The exhibition studied in particular the works made in stone and bronze following Flanagan’s return to carving after he went to look at a stone in Pietrasanta in the Carra mountains, for a commission at Rawlins School in Quorn, Leicestershire in 1973. Seen within the sculptural tradition, Flanagan’s choice of stone for a public square could not be more natural, but in the context of his earlier work it is more surprising. In 1958, at Birmingham College of Art, he had studied modelling, casting and carving, but in the work he produced at St Martin’s School of Art and throughout the sixties he had set aside the conventional materials and methods of sculpture, not least the cut and welded steel of his contemporaries, choosing rather ‘to work direct in manageable materials, in a relatively inexpensive way’.
The 'soft' sculptures produced during this time employed canvas, hessian, plaster, sand, rope and wood; materials cut, poured, stacked, arranged and propped. Shapes arrived in a natural way, following the behaviour of his materials or using the traditional procedures of the building and construction trade, but rejecting both the geometrical rigour of Minimalism and the specialised ‘artistic’ skill of the carver or modeller.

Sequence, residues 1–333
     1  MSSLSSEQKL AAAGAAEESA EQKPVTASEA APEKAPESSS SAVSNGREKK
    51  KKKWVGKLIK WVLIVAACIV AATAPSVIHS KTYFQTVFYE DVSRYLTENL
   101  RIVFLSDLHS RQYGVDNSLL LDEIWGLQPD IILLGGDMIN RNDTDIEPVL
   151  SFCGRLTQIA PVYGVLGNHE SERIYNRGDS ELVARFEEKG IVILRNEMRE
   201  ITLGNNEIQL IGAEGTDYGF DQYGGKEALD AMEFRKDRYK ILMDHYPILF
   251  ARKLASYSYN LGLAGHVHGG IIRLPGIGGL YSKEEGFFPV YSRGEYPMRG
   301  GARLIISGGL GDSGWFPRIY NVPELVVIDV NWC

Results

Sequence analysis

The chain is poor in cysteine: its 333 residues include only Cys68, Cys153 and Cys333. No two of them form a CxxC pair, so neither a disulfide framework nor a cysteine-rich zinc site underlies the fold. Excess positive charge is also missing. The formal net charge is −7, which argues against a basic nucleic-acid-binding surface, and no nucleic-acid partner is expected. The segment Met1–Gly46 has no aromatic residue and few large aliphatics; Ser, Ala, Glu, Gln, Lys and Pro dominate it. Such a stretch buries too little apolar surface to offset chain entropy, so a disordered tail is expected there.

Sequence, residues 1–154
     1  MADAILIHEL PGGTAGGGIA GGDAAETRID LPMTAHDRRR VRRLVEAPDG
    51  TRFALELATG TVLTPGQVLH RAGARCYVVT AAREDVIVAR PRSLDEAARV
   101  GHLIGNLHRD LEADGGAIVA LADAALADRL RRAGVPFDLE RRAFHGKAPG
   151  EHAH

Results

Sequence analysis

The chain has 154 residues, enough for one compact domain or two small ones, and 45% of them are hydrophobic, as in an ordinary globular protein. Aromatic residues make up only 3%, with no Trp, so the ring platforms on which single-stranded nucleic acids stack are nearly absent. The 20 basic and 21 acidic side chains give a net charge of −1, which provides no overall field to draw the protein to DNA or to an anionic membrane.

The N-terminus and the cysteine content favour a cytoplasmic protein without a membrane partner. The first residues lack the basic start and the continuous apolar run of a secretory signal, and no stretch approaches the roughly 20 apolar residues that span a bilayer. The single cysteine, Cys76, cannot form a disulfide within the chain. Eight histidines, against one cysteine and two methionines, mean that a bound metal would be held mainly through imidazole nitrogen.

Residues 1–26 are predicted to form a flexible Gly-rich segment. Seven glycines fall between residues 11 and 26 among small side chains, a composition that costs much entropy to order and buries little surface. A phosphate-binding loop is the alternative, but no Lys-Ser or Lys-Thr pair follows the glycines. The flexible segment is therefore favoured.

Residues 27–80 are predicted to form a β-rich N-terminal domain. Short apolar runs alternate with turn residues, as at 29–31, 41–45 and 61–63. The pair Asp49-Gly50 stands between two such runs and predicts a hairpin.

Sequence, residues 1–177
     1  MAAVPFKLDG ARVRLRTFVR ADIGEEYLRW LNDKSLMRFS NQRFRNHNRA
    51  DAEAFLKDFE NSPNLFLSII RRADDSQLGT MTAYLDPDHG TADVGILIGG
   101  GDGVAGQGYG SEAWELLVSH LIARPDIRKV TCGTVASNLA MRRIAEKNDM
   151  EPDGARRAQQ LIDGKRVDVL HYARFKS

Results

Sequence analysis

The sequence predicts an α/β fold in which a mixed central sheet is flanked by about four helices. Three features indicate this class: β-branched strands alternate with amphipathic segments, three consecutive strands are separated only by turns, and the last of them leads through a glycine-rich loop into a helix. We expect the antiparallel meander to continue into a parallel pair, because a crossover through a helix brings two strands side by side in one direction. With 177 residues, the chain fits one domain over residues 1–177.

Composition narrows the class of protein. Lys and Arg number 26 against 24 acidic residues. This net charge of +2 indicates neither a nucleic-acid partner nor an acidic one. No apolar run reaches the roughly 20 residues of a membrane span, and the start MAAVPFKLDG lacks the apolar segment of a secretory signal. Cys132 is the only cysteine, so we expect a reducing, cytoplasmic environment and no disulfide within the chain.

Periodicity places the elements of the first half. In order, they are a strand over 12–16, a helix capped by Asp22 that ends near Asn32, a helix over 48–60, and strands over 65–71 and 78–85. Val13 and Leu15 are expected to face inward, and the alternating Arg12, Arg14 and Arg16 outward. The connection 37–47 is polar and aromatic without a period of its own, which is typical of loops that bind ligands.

His interest is in the evolving language of sculpture and he used materials he felt appropriate to a particular moment. His choice of stone and bronze in the atmosphere of the seventies may be seen in direct parallel to the modest materials and processes by which he chose to circumvent prevailing dogma and style in the sixties. Flanagan’s forms migrate from one medium to the next, transformed with each new interpretation, on paper, in clay, metal, stone or bronze.
Britain at the Venice Biennale 1895-1996, edited by Sophie Bowness and Clive Phillpot, The British Council, London 1995. ISBN 0 86355 283 8